Top world media outlets urge US to halt prosecution of Julian Assange

'This indictment sets dangerous precedent, threatens to undermine First Amendment, freedom of press,' says open letter

Merve Berker   | 29.11.2022
Top world media outlets urge US to halt prosecution of Julian Assange


Major global media outlets have joined forces to call on the US to drop charges against the founder of Wikileaks and to stop his prosecution in order to protect journalism.

In a joint open letter published on Monday, The New York Times, The Guardian, Le Monde, El Pais, and Der Spiegel gave their views on the prosecution of Julian Assange, noting that they had "published a series of revelations in cooperation with Wikileaks that made the headlines around the world" starting in late 2006.

The letter said that "Cable gate,” "a set of 251,000 confidential cables from the US State Department disclosed corruption, diplomatic scandals and spy affairs on an international scale.”

Quoting The New York Times saying that “the unvarnished story of how the government makes its biggest decisions, the decisions that cost the country most heavily in lives and money” was shared with the world through those documents on Nov. 29, 2010, the letter also said “journalists and historians continue to publish new revelations, using the unique trove of documents” even today.

The media outlets called the results arising from the publication of the “Cable gate” documents “severe.”

“On 12 April 2019, Assange was arrested in London on a US arrest warrant, and has now been held for three and a half years in a high security British prison usually used for terrorists and members of organised crime groups.

“He faces extradition to the US and a sentence of up to 175 years in an American maximum security prison,” the letter stressed.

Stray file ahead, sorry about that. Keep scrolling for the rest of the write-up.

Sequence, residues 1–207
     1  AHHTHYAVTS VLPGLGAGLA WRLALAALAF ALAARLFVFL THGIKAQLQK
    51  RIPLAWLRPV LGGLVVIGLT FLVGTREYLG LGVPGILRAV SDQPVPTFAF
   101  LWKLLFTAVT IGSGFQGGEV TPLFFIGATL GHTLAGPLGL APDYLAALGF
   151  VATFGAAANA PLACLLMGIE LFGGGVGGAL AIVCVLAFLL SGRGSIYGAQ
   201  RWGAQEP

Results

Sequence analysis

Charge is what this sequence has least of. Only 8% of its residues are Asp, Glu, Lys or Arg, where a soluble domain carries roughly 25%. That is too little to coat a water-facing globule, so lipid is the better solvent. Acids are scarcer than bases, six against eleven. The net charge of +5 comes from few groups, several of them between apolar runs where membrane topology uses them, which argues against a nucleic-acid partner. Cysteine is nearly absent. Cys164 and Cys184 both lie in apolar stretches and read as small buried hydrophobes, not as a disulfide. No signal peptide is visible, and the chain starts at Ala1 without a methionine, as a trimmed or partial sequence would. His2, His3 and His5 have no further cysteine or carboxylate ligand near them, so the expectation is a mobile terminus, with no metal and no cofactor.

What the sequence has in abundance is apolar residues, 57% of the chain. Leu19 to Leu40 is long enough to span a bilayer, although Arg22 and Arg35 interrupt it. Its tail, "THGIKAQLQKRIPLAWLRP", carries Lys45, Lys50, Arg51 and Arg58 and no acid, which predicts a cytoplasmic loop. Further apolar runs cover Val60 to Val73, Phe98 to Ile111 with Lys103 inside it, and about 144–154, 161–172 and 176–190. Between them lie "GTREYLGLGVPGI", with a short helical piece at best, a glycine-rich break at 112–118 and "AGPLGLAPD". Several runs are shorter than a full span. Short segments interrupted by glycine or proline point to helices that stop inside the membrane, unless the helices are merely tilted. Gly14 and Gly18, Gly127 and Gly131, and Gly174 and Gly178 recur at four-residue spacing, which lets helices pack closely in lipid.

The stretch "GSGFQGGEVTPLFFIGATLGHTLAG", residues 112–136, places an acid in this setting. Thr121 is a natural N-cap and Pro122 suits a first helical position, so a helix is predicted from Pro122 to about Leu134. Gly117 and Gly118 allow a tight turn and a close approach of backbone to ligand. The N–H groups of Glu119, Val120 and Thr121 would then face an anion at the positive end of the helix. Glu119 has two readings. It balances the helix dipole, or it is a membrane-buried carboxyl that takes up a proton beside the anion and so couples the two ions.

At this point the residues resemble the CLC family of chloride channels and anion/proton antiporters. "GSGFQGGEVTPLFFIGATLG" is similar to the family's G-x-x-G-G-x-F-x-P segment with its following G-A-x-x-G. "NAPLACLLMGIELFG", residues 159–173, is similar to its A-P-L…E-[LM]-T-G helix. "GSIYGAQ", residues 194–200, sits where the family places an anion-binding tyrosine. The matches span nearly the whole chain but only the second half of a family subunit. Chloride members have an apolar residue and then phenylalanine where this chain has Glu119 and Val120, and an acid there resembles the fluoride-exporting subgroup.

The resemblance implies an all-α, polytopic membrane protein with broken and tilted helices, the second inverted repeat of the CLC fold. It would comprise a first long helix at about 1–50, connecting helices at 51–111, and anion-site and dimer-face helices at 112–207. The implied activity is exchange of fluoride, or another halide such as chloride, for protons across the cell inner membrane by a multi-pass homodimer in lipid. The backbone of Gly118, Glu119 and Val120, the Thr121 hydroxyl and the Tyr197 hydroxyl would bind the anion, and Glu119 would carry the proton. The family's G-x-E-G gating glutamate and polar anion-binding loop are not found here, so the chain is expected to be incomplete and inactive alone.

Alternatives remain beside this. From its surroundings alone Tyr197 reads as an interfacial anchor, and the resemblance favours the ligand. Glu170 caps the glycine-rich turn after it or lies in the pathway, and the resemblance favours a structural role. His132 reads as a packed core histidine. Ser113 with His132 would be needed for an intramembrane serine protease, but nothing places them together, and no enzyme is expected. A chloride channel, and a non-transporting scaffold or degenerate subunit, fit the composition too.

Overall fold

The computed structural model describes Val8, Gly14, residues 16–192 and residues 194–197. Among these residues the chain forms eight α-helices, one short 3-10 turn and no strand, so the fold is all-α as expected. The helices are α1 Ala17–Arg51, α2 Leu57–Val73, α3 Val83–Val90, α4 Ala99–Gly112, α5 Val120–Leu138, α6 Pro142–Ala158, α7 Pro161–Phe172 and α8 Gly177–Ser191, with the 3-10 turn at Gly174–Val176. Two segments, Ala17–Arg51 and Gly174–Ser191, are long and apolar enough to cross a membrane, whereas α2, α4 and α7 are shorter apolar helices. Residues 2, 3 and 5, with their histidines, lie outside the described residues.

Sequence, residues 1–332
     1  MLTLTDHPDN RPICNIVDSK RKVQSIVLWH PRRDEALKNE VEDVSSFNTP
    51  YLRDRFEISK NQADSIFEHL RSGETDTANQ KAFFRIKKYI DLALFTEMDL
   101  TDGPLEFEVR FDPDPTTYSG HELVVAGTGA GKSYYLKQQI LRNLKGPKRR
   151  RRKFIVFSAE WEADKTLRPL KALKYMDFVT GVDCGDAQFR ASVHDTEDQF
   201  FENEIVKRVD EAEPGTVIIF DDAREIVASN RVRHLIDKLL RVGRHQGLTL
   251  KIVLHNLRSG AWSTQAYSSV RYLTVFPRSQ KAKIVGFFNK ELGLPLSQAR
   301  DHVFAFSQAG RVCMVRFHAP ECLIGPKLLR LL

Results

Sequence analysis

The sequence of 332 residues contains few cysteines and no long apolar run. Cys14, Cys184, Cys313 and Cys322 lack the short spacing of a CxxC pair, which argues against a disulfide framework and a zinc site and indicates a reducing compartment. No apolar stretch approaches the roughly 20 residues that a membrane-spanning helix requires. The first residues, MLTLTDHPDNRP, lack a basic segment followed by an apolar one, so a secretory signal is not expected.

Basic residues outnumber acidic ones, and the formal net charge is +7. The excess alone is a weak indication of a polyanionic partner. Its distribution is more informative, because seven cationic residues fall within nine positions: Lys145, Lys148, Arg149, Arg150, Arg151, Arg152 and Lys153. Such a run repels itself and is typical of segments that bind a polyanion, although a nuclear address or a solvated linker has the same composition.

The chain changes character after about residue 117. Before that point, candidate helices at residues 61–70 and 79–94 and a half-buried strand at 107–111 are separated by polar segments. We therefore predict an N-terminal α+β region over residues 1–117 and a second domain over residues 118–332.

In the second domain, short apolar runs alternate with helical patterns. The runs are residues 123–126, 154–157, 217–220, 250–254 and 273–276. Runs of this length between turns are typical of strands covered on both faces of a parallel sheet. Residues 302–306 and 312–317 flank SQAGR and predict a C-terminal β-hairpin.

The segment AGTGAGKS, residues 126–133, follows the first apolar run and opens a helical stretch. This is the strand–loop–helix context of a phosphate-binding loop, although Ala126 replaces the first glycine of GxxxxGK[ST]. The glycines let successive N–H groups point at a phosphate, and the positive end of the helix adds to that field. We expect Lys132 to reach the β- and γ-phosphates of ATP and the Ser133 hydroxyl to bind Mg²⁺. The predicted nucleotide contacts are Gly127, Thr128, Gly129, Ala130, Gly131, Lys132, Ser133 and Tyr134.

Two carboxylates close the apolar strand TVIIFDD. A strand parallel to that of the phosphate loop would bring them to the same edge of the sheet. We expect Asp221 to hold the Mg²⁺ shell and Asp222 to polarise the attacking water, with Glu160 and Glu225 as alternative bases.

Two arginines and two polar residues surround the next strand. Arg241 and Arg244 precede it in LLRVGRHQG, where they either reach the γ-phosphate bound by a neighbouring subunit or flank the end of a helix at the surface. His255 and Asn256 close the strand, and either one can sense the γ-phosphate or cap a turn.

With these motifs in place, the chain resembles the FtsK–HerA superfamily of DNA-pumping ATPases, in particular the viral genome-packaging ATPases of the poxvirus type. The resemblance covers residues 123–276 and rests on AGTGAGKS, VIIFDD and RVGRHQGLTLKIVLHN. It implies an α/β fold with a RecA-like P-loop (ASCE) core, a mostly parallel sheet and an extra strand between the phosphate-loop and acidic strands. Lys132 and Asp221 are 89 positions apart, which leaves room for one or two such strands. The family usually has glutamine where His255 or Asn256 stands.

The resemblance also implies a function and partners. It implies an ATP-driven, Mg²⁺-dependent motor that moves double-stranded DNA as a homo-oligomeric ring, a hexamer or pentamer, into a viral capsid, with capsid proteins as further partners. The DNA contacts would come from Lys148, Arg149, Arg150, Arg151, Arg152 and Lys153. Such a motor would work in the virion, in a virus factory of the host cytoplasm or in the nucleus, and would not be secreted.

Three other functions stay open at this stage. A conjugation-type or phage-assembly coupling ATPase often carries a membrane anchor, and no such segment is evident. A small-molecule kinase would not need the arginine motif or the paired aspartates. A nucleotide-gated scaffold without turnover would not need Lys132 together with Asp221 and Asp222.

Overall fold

“We come together now to express our grave concerns about the continued prosecution of Julian Assange for obtaining and publishing classified materials,” the outlets underlined.

Praising the US' Obama and Biden administrations for having an objective attitude on the issue and avoiding indicting Assange as “ they would have had to indict journalists from major news outlets too” if they had sentenced him, the letter criticized the US under the leadership of Donald Trump for not doing the same.

“The DOJ (Department of Justice) relied on an old law, the Espionage Act of 1917 (designed to prosecute potential spies during World War I), which has never been used to prosecute a publisher or broadcaster,” the statement noted.

Stressing that this action sets “a dangerous precedent, and threatens to undermine America’ First Amendment and the freedom of the press,” the letter said: “Holding governments accountable is part of the core mission of a free press in a democracy.”

“Obtaining and disclosing sensitive information when necessary in the public interest is a core part of the daily work of journalists.

“If that work is criminalised, our public discourse and our democracies are made significantly weaker,” it added.

Calling on the US government to end this 12 years of “wrongdoing,” the outlets said: “Publishing is not a crime.”

Amnesty International

For its part, Amnesty International opened a petition for people across the world to sign to “protect the right to freedom of expression” by ending the prosecution of the Wikileaks founder.

“Julian Assange is currently being held at Belmarsh, a high security prison in the UK, on the basis of a US extradition request on charges that stem directly from the publication of disclosed documents as part of his work with Wikileaks,” the rights group said in a written statement.

“Amnesty International strongly opposes any possibility of Julian Assange being extradited or sent in any other manner to the USA,” the statement noted.

“There, he faces a real risk of serious human rights violations including possible detention conditions that would amount to torture and other ill-treatment (such as prolonged solitary confinement).

“The fact that he was the target of a negative public campaign by US officials at the highest levels undermines his right to be presumed innocent and puts him at risk of an unfair trial,” the organization criticized.

“Julian Assange’s publication of disclosed documents as part of his work with Wikileaks should not be punishable as this activity mirrors conduct that investigative journalists undertake regularly in their professional capacity,” it also said.

“Prosecuting Julian Assange on these charges could have a chilling effect on the right to freedom of expression, leading journalists to self-censor from fear of prosecution.”

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